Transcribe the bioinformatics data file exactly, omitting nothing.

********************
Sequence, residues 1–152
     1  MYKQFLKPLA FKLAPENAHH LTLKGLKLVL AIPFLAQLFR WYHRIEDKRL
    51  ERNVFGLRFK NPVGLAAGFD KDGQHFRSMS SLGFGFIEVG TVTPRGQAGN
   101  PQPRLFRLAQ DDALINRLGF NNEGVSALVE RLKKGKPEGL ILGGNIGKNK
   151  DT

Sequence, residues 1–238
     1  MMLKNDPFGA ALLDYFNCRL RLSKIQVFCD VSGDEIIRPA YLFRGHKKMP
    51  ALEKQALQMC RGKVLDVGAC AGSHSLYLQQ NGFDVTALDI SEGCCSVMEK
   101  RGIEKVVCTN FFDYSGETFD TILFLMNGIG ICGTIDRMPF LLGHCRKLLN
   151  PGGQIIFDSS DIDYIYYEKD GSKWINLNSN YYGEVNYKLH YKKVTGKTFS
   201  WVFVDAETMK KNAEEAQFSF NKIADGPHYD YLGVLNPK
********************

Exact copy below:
Sequence, residues 1–152
     1  MYKQFLKPLA FKLAPENAHH LTLKGLKLVL AIPFLAQLFR WYHRIEDKRL
    51  ERNVFGLRFK NPVGLAAGFD KDGQHFRSMS SLGFGFIEVG TVTPRGQAGN
   101  PQPRLFRLAQ DDALINRLGF NNEGVSALVE RLKKGKPEGL ILGGNIGKNK
   151  DT

Sequence, residues 1–238
     1  MMLKNDPFGA ALLDYFNCRL RLSKIQVFCD VSGDEIIRPA YLFRGHKKMP
    51  ALEKQALQMC RGKVLDVGAC AGSHSLYLQQ NGFDVTALDI SEGCCSVMEK
   101  RGIEKVVCTN FFDYSGETFD TILFLMNGIG ICGTIDRMPF LLGHCRKLLN
   151  PGGQIIFDSS DIDYIYYEKD GSKWINLNSN YYGEVNYKLH YKKVTGKTFS
   201  WVFVDAETMK KNAEEAQFSF NKIADGPHYD YLGVLNPK